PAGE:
Newly uncovered details about Google’s upcoming Pixel Watch suggest the smartwatch may be powered by a Samsung Exynos chip and feature the next-generation Google Assistant.

‘Pixel’ watch

Before we dive into the potential features of Google’s upcoming first-party Wear OS device, one question currently unanswered is how the company will brand the smartwatch. Fitbit has already shared separate plans to create a Wear OS device as well as for Google to create their own smartwatch with Fitbit integrations.

While the branding and marketing of Google’s smartwatch are likely still far from finalized, our team has discovered indications that Google is leaning toward launching a Pixel-branded watch.

Since the second year of the Pixel lineup, Google has included an Android “feature” tag within the phones called “PIXEL_EXPERIENCE.” Some of Google’s apps check for this tag to know when to offer Pixel-exclusive features.

With subsequent generations of Pixel phones, Google has continued to create more features that were exclusive to the latest Pixel phones. This has led to annual feature tags like “PIXEL_EXPERIENCE_2021” for the Pixel 6 series, as well as tags like “PIXEL_EXPERIENCE_2020_MIDYEAR” for the Pixel 5a.

In a recent update to a Google app, we’ve found a mention of “PIXEL_EXPERIENCE_WATCH” which strongly suggests Google’s first-party smartwatch will indeed carry the “Pixel” name. It also means that this Pixel smartwatch should have features that will not be immediately available on other Wear OS watches.

Next-gen Assistant for Wear OS

Since the debut of the Google Pixel 4, Pixel series phones have offered what’s called the “next-generation Assistant.” What sets this version of the Assistant apart is that it processes your speech directly on your device, rather than via one of Google’s servers, which leads to a massive speedup.

The most important advantage of the next-gen Assistant is the ability to do things in your apps, such as filtering a gallery in Google Photos, using only your voice. Additionally, the next-gen Assistant can also do certain tasks — like tweaking your phone settings — entirely offline.

While digging into various Google apps, our team found references to “Rohan,” reported by Front Page Tech and Business Insider to be a codename associated with the Pixel Watch. Through these references, we were able to directly tie “Rohan” to the addition of the next-generation Assistant to Wear OS devices. Considering the next-gen Assistant is still a Pixel exclusive, this further points to “Rohan” being a “Pixel” watch.

Additionally, the Wear OS 3 emulator — which has turned out to be quite the treasure trove of Pixel Watch tidbits, recently revealing 10 Google-developed watch faces — includes assets that may give us a hint at what the next-generation Google Assistant would look like on a smartwatch. Check it out:

The most important aspect of this graphic is the four-color “light bar” design shown at the bottom of the screen. Since the Pixel 4, this has been the signature “look” of the next-gen Assistant on phones. It only makes sense that it would copy this design — with a delightful curve — on smartwatches.

Notably, the graphic shown also indicates a second button on the watch, something that renders of the Pixel Watch have thus far not shown. That said, this matches the design of the generic smartwatch seen in demo animations in the original Wear OS 3 announcement.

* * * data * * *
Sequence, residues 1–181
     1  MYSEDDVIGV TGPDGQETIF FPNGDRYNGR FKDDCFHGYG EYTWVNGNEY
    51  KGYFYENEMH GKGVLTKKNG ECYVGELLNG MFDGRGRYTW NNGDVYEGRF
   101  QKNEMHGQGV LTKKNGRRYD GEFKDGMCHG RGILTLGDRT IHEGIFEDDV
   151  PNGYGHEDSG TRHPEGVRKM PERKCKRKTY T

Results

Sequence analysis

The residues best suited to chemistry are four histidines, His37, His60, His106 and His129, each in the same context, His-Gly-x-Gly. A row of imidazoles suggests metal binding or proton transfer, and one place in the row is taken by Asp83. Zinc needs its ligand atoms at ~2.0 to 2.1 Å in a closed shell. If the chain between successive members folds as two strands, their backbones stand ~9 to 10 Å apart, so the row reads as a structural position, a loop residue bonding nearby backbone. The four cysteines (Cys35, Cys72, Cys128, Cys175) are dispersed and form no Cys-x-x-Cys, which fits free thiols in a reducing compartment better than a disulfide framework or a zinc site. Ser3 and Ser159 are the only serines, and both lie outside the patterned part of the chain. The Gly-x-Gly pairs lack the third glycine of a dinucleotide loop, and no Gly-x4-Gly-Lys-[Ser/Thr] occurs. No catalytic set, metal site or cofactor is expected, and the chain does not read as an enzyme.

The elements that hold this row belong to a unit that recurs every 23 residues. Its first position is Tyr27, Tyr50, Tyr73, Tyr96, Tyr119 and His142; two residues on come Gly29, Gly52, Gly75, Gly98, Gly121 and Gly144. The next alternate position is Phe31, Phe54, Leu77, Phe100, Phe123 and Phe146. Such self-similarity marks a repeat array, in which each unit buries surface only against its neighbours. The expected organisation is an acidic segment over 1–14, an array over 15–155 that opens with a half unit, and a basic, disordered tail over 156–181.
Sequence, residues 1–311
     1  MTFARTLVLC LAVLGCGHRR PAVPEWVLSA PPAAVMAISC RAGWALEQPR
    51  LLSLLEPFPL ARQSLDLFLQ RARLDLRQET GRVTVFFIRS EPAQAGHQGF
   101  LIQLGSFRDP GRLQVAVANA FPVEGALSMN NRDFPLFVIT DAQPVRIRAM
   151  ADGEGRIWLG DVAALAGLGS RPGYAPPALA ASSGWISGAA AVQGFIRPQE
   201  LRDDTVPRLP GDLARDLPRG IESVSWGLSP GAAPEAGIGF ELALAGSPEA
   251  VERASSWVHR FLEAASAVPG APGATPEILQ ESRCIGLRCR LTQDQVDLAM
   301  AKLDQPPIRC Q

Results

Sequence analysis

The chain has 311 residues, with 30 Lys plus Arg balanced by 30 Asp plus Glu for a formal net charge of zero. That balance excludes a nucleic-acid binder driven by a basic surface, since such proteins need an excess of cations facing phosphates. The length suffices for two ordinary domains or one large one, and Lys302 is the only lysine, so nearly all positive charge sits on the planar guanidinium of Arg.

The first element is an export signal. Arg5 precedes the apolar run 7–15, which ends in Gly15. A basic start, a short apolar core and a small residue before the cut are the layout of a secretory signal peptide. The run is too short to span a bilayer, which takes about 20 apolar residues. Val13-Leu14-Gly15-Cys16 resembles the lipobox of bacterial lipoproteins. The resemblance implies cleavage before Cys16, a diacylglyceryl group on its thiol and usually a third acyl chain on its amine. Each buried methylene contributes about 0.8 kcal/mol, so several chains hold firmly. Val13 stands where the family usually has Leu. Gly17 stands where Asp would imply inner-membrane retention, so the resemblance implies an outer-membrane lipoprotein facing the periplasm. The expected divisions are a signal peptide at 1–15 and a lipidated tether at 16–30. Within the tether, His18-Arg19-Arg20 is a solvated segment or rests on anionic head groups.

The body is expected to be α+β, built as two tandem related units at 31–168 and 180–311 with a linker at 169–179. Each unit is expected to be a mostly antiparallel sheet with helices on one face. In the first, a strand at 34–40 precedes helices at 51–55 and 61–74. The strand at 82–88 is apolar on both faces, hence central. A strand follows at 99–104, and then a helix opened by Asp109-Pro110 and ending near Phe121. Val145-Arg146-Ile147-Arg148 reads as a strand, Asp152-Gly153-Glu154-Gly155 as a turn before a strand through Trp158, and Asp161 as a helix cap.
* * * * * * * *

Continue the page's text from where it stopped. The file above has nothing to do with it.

Either way, it’s clear that Google intends for the Assistant to be more deeply integrated with Wear OS than it already is. While the full set of next-gen Assistant features may not be as useful on watches as they are on phones, the speed boost to speech recognition would be much appreciated, as Assistant on Wear OS has been quite slow in years past.

Possible Exynos chip

For the next-gen Assistant to work like it does on Pixel phones, it needs to be able to process speech directly on the device. This would undoubtedly require a higher-end smartwatch chip.

While digging into references of the “Rohan” codename across various places in Wear OS related code, we’ve seen evidence suggesting that the device may be powered by a Samsung Exynos processor. It’s not clear whether this would be the same chip as found in the Galaxy Watch 4, the Exynos W920.

Though far from confirmed at this point, the use of an Exynos chip in a Pixel Watch would not be a surprise. Samsung and Google worked closely together on the development and release of Wear OS 3, with the Galaxy Watch 4 even serving to debut the new Android 11 based version of Wear OS. Between the enhancements of Wear OS 3 itself and the high-end Exynos chip, the Galaxy Watch 4 is the current pinnacle of what an Android powered smartwatch can be.

Beyond that, Google Tensor chips that power the Pixel 6 and Pixel 6 Pro are, at their core, Samsung Exynos chips integrated with Google-designed components like the Tensor Processing Unit (TPU). It’s possible that Google could take an Exynos chip, integrate some of their own hardware into it, and brand it as a Google Tensor chip. Or, it could simply release with an Exynos-branded chip.

Dylan Roussel contributed to this article.

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About the Author

Kyle Bradshaw

Kyle is an author and researcher for 9to5Google, with special interests in Made by Google products, Fuchsia, and Stadia.

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